China recently launched a diplomatic and economic development campaign called ‘One Belt, One Road.'
The name comes from the ‘Silk Road' - the ancient system of roads that linked China with Central Asia and other areas. Traders used those paths centuries ago to transport Chinese silk, spices and other goods to the west. In exchange, China received gold, ivory, glass and other products from as far away as Europe.
Chinese President Xi Jinping says the One Belt, One Road program is aimed at strengthening international cooperation. But former American officials and some business leaders have expressed concern. They say China is not as interested in opening up to foreigners as it claims.
China's plan is to build ports, railroad links, roads and other infrastructure across Asia, Africa and Europe. The Reuters news agency reports the project is depending heavily on two lenders, the China Development Bank and the Export-Import Bank of China. It says they have already provided $200 billion in loans to countries throughout Asia, the Middle East and Africa.
At a recent conference in Beijing, President Xi described the effort as a win-win situation for the countries and companies involved in the project.
But some Americans are questioning China's true goals. Charlene Barshevsky served as U.S. Trade Representative when Bill Clinton was president.
"China has stopped the process of economic reform and opening, and instead has put in place a spate of measures that are zero-sum, highly mercantilist, and discriminate against U.S. and foreign companies."
Because of the business climate in China, the country is no longer considered a top investment choice for a growing number of foreign companies. This was the finding of a study done by The American Chamber of Commerce in China.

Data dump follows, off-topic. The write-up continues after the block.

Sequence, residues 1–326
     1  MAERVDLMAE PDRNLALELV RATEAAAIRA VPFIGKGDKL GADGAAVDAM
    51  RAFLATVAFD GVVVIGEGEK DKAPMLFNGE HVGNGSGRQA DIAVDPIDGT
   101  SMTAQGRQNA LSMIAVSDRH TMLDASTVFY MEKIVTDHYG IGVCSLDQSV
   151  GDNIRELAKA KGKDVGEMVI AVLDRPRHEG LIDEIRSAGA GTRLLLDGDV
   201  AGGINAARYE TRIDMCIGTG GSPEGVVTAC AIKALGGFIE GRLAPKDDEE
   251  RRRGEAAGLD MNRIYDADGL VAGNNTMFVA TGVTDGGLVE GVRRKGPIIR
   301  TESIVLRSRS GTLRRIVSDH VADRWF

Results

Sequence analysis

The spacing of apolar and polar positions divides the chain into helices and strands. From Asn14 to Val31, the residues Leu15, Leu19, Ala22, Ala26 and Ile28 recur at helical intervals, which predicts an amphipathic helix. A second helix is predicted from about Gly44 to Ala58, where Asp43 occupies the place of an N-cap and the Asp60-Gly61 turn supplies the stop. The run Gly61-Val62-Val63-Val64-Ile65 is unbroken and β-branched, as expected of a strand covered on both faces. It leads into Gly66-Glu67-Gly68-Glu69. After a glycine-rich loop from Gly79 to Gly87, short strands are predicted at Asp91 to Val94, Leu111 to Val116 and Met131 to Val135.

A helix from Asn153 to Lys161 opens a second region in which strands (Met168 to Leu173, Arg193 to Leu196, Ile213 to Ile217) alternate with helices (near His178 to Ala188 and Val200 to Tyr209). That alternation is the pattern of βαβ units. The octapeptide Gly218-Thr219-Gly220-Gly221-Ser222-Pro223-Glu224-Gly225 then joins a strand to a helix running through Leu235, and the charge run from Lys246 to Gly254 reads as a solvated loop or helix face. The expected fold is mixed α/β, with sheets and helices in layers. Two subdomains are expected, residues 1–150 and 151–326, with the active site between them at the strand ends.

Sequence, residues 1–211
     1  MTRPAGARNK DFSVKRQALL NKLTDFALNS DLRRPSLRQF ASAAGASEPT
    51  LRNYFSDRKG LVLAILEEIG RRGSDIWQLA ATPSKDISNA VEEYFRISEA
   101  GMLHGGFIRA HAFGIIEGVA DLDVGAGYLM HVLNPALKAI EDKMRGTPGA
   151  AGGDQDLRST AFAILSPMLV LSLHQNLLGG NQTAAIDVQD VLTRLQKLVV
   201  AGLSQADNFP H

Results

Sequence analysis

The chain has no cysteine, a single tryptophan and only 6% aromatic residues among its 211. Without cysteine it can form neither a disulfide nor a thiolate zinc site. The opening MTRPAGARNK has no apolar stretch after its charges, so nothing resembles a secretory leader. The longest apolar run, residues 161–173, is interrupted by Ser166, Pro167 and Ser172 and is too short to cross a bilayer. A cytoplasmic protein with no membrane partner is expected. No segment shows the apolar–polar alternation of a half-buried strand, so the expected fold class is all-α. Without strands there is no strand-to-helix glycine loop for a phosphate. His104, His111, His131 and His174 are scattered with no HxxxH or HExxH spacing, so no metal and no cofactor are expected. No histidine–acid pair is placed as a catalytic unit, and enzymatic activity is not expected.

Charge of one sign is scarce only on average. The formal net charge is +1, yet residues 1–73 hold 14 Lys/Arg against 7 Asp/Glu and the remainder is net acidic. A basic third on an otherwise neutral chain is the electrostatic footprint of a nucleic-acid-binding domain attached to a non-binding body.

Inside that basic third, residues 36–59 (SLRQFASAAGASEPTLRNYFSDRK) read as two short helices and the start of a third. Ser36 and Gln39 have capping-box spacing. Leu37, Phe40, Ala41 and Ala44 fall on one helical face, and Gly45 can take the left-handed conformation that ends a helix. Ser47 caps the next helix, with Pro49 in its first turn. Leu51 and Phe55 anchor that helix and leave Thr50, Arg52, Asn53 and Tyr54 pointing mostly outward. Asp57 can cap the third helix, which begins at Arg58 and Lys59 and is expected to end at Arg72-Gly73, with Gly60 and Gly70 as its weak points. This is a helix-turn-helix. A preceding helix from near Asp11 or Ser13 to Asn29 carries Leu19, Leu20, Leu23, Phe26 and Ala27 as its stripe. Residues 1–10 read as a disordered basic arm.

William Zarit is head of the trade group.
"...some companies are looking back to North America where especially energy costs are much lower, and perhaps labor is not that great a factor in their manufacturing product, and rule of law and transparency are the name of the game."
Observers note that China no longer depends on foreign technology and investments as it once did. For that reason, they say, Chinese officials are less concerned about companies leaving the country. But some critics say China still may pay a price for shrinking investment because of the government's policies.
Ted Moran studies economic issues for the Peterson Institute for International Economics.
"China is already such a huge presence on the world economic stage, so I'm not predicting any kind of disaster, I just think that there will be much slower growth and much less robust growth over the next decade."
While China's president spoke about inclusiveness at the recent conference, some American companies remain concerned that it may be more talk than substance.
I'm Caty Weaver.
Natalie Liu wrote this story for VOANews. George Grow adapted her report for Learning English. Hai Do was the editor.
Words in This Story
infrastructure – n. the underlying support of a system or organization; public works projects
spate – n. a large number or amount
zero-sum – adj. of or related to a situation in which a gain for one side leads to a loss for the other side
mercantilist – adj. of or related to an economic system that increased the monetary wealth of a nation
factor – n. something that influences a result
transparency – n. openness
stage – n. a raised area in a theater on which the acting takes place
decade – n. a period of 10 years
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